Approaches to whole-bunch fermentation differed widely. Some producers felt this was a year to use more in order to have lighter extraction, add mineral freshness and decrease alcohol. Others took the opposite approach, dialling back the proportion of whole cluster. They felt the stems were less ripe because of the short growing season, or as they did not want to risk deacidifying the wines.

Interestingly, both approaches appear to have yielded positive results.

The debate on stems versus destemming and crushing versus uncrushed is age-old and will continue for many years to come.

What I have seen though is a step away from having hard-fast rules on which approach to follow. Rather producers are taking a vintage-by-vintage approach on what to do.

EXCEPTIONAL AND ELEGANT WHITE WINES

The quality across the board for white wines is incredibly high. The wines are balanced, with powerful, yet elegant fruit without lacking the zippy and piercing acidity. These wines are built to age. Weirdly enough, the wines of 2020 are somewhat reminiscent of the 2017 vintage (another exceptional white wine vintage), except with greater intensity – which makes sense comparing the two growing seasons.

The alcohol levels rarely pass 13.5% for the 2020 whites and are back with a rigid skeleton of acidity with the flesh required to be enjoyable from the outset.

INTENSE AND STRUCTURED RED WINES

Unfortunately for the red wines they did not have it as “easy” as the whites (not that it is ever easy), this was a vigneron’s vintage. The best red wines were made by the best vigneron. 2020 was undoubtedly tough as producers battled high alcohol levels and easy extraction. If not produced with care and detail, you may confuse some of your Pinot for Syrah!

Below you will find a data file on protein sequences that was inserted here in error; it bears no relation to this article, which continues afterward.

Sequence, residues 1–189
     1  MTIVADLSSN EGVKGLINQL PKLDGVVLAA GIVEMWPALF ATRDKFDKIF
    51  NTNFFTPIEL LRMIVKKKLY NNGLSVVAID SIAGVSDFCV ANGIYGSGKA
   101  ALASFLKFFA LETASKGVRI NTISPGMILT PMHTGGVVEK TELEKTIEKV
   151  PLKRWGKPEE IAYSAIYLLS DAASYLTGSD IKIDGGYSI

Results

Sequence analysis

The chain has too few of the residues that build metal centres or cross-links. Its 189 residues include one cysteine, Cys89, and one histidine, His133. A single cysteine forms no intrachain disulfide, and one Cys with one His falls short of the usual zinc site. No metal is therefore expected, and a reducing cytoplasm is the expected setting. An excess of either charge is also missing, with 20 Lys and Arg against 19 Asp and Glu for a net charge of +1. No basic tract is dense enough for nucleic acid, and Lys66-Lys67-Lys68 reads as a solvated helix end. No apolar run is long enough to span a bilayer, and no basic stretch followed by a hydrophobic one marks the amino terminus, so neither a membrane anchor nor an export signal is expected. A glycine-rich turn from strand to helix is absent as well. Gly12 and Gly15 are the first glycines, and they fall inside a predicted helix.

However, there are some exceptional wines across the board (think, Antoine Jobard with his new-ish new plots of red wines or AF Gros).

The 2020 red wines seem to be somewhat difficult to compare to other vintages, potentially that of 2012 has some sort of resonance, with decreased yields and intense fruit. I love the 2012 vintage and it has really just begun to reveal itself.

2020 is a vintage to put away for some years before approaching if you want the greatest amount of pleasure.

OVERALL OPINION

The distinct characteristics of the weather during the growing and picking season have translated into wines that are complex, balanced, and age-worthy.

The red wines have a deep, intense colour, with ripe and concentrated fruit flavours but not overbearing or clumsy like that of 2003. They are well-structured, with firm tannins that will provide excellent ageing potential.

The white wines are equally impressive, with a bright, fresh acidity that balances the intense fruit.

Overall, the 2020 vintage in Burgundy, appears to be coming out as exceptional. The weather conditions were unique, and the growers had to be cerebral during the picking season. The resulting wines on average, are complex, balanced, and age-worthy, and they will undoubtedly be highly sought after by wine enthusiasts worldwide.